Already under pressure from discounters at home, major U.S. airlines are facing a tighter squeeze abroad as low-cost rivals ramp up service across the Atlantic.
At American Airlines Group Inc., a measure of trans-Atlantic fares just plunged 9.1 percent, the most since right after the recession ended in 2009, as European budget carriers such as Norwegian Air Shuttle ASA added more flights. Delta Air Lines Inc. also recorded a sharp drop in the same yardstick. United Continental Holdings Inc. eked out a tiny gain.
While that’s great news for bargain-hunting travelers, it’s a blow for traditional airlines. The increased seat supply is dragging down fares in a lucrative overseas market just as a rebound in domestic pricing is starting to look shaky. American and United rattled investors last month when they forecast tepid revenue growth and signaled that an already tenuous grip on ticket prices was slipping.
European discounters can hurt revenue at big U.S. airlines “by taking incremental bookings and forcing them to lower their own fares,” said Michael Bentley of consulting firm Revenue Analytics. “I don’t see any reason why they can’t cause trouble with the major carriers.”
American cited the low-cost competitors as it reported a second-quarter drop in the average fare per mile for Atlantic flights, while Delta blamed discounted leisure fares for its 7.1 percent decline. Trans-Atlantic yields have slumped at the two biggest U.S. carriers since 2015’s second quarter. United’s yield rose just 0.7 percent.
“Atlantic is challenging. The fundamentals are challenging,” Don Casey, American’s head of revenue management, said in a conference call last month to discuss earnings. “There is excess capacity in the marketplace. The capacity is being driven by low-price carriers.”
Read more: U.S. airlines struggle to maintain pricing power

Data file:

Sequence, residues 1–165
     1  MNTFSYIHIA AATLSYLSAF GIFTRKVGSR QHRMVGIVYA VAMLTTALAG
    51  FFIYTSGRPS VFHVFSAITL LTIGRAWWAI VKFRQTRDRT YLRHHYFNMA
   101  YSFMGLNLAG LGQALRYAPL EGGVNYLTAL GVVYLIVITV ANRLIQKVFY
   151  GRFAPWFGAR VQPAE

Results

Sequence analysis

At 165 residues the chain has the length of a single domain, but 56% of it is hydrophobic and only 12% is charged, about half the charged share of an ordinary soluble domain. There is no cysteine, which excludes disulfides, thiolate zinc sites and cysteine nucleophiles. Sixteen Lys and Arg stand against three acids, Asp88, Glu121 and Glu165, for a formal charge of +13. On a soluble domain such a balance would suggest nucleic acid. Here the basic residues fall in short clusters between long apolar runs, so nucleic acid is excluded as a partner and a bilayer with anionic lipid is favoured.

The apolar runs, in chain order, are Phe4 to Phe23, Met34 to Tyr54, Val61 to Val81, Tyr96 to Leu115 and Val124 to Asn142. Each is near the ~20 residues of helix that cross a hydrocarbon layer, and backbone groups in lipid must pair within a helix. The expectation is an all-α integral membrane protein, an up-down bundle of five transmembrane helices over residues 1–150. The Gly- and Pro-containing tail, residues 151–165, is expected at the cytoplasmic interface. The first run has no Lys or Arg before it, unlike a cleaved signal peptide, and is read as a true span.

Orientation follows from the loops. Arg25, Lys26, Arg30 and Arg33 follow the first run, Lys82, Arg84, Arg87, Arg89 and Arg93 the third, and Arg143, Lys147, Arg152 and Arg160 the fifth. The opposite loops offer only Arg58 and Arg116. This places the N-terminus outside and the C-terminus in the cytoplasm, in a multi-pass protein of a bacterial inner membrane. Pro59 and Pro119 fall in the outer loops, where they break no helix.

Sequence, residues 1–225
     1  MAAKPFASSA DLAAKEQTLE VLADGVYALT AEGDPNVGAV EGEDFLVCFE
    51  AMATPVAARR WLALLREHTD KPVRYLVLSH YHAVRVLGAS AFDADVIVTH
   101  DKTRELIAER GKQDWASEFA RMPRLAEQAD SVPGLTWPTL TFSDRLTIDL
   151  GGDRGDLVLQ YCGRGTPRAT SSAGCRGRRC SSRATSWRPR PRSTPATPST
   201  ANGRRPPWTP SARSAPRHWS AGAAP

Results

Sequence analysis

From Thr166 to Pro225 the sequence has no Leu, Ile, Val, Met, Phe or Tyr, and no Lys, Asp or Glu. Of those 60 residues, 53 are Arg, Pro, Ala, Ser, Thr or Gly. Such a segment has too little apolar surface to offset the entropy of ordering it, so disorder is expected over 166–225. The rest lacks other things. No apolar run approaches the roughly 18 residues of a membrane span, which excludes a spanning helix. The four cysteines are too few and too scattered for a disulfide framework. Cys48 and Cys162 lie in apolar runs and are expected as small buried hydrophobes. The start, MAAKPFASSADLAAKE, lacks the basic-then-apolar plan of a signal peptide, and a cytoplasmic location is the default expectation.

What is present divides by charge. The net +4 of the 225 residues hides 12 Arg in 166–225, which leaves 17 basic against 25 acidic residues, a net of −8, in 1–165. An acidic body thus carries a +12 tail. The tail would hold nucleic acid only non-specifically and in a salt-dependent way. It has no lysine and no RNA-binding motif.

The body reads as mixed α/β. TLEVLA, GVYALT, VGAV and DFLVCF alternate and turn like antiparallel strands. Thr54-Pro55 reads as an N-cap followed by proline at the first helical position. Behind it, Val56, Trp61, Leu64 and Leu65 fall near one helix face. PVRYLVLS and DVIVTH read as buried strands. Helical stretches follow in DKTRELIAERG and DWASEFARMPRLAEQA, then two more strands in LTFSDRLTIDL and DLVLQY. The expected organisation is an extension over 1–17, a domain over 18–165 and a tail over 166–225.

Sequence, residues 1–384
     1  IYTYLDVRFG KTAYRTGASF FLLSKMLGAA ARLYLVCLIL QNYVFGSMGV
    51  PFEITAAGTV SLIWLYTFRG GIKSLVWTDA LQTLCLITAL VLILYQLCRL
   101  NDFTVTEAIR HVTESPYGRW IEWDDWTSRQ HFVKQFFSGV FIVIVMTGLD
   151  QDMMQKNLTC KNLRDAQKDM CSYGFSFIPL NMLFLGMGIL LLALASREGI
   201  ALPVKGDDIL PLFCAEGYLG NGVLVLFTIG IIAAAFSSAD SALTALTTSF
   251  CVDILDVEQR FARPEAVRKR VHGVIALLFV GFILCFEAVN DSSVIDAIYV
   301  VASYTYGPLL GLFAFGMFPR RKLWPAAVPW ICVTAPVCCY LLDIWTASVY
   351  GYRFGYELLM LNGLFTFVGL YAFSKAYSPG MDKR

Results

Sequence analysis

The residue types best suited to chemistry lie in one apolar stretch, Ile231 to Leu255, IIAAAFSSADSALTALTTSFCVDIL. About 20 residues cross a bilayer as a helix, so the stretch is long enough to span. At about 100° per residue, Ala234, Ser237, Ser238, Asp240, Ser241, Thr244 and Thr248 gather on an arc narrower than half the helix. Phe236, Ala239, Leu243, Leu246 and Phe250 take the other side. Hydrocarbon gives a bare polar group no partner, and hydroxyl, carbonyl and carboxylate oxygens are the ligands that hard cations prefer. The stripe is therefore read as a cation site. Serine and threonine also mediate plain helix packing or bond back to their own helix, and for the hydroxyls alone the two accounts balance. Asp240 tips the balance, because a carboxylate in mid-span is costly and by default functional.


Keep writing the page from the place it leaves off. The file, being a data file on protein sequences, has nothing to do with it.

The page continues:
The U.S. airlines are likely to fight back by extending overseas the so-called basic economy prices they are offering at home, said Savanthi Syth, a Raymond James Financial Inc. analyst.
Those tickets typically don’t allow passengers to select their seats or choose an upgrade option, while limiting their carry-on items. And they’re helping American, United and Delta to recover from a two-year slump in revenue per available seat mile that was triggered by the expansion of low-cost airlines in the U.S.
“My expectation is they’ll roll it out in some form,” Syth said. “Right now they’re aggressively matching” the European discounters.
Basic economy enables a traditional airline to meet demand for lower-priced fares without blanketing the market with cheap tickets. It also gives them a chance to coax customers into switching to more expensive tickets when they realize that the discount option offers limited amenities.
Delta already offers basic-economy pricing in Canada and is rolling it out to other international markets. American is expanding the category across the U.S. and hasn’t said if it will be offered elsewhere. United has said it will offer the option in Latin America by year-end and is evaluating its use on long-distance international flights.